Authors urge participatory society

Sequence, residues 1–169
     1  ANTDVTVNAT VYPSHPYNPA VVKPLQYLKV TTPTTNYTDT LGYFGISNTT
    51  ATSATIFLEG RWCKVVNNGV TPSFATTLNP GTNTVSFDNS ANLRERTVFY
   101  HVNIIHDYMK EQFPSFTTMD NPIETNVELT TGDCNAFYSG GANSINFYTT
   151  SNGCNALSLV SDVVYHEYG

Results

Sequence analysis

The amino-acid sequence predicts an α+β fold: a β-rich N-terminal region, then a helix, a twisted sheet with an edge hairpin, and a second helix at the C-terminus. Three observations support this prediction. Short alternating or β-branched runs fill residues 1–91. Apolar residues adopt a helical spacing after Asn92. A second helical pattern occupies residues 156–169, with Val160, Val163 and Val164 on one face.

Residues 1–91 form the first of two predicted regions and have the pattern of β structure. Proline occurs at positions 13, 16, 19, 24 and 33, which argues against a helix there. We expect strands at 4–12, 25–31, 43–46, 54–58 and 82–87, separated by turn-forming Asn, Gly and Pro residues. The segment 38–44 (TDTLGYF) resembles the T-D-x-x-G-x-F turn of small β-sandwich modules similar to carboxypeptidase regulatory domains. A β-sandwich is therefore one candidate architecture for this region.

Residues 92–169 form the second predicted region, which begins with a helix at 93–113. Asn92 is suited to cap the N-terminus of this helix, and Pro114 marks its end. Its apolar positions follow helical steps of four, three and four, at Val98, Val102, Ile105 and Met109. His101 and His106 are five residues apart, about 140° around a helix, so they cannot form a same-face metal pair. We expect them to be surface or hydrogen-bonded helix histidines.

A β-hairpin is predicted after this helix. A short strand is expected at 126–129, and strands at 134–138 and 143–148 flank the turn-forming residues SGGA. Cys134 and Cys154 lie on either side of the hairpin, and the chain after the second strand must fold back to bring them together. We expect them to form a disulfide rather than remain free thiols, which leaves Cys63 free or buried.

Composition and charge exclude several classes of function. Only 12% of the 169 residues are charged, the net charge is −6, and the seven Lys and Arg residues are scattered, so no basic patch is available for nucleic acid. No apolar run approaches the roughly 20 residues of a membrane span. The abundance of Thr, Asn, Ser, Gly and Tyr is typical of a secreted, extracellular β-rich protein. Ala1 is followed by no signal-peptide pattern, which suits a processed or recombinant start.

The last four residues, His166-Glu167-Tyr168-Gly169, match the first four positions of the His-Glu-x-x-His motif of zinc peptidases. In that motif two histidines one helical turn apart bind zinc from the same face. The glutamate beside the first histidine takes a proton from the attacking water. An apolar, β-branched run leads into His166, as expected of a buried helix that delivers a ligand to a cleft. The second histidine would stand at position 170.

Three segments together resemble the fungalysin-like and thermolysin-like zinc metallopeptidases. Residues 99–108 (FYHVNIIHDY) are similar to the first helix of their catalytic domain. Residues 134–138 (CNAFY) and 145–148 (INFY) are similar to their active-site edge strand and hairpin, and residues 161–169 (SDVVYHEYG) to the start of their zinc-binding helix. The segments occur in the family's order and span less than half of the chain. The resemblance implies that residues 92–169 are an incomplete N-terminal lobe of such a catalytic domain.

first_imgPASADENA – Authors David C. Korten and Frances Moore Lapp , advocates for a new kind of society led by the masses, shared their world-altering visions with more than 250 people in a five-day seminar that ends today at All Saints Church. The two were brought by a group called Sustainable World Ministry, an economic justice program at the church started by three veteran activists – Marty Coleman, Dorothy Christ and Mae Gautier, all women in their 70s. “Don’t be fooled by the white hair – it’s really a solar panel for activism,” Coleman joked Saturday. The three were so inspired by Korten’s 1995 book, “When Corporations Rule the World,” they formed the ministry and put together a three-day conference in 2002 with Korten as the featured speaker. More than 375 people attended. Lapp said she advocates “emergent living democracy,” in which all people take part in the democratic process. One example of this in her new book is about a public high school in a poor county in Ohio. She said previously, 20percent of those graduating the high school went on to college. However, a new principal allowed students to have a say in everything that happened in their school, even what teachers were hired. Now, Lapp said, 70 percent of the school’s graduates go on the college, and Reader’s Digest named the school among the top 100 schools in the country. “It’s mutual accountability, saying, `I’m a part of the solution, too,’ not just pointing a finger at a CEO or the president,” she added. [email protected] (626) 578-6300, Ext. 4496160Want local news?Sign up for the Localist and stay informed Something went wrong. Please try again.subscribeCongratulations! You’re all set! AD Quality Auto 360p 720p 1080p Top articles1/5READ MOREBasketball roundup: Sierra Canyon, Birmingham set to face off in tournament quarterfinalsFor this most recent conference, Korten insisted on bringing Lapp , a woman Coleman says “set the world on fire writing about the causes of hunger.” Lapp , known by her friends as Frankie, achieved fame as an author early in life with her revolutionary “Diet for a Small Planet” in 1971 when she was in her mid-20s. Korten said the message of his new book, “The Great Turning: From Empire to Earth Community,” which he launched at the seminar, is that the United States can no longer rule by military force or dominating relationships as it has in the past. He said this is most apparent in Iraq, where access to small arms and open communication has handicapped the ability of the United States to occupy the country. With the growing affordability of telephone communication and Internet access around the world, Korten said, now is the time to bridge the gap between the rich and the poor, rather than letting the wealthy rule. Lapp , who recently published “Democracy’s Edge: Choosing to Save Our Country by Bringing Democracy to Life,” said her book explains the “thin democracy” – where people elect others do “do for us or to us” – under which the United States currently operates has “utterly failed.” “My book argues that the Bush administration is a symptom, not the problem,” she said. “It’s our diminished sense of self.” last_img
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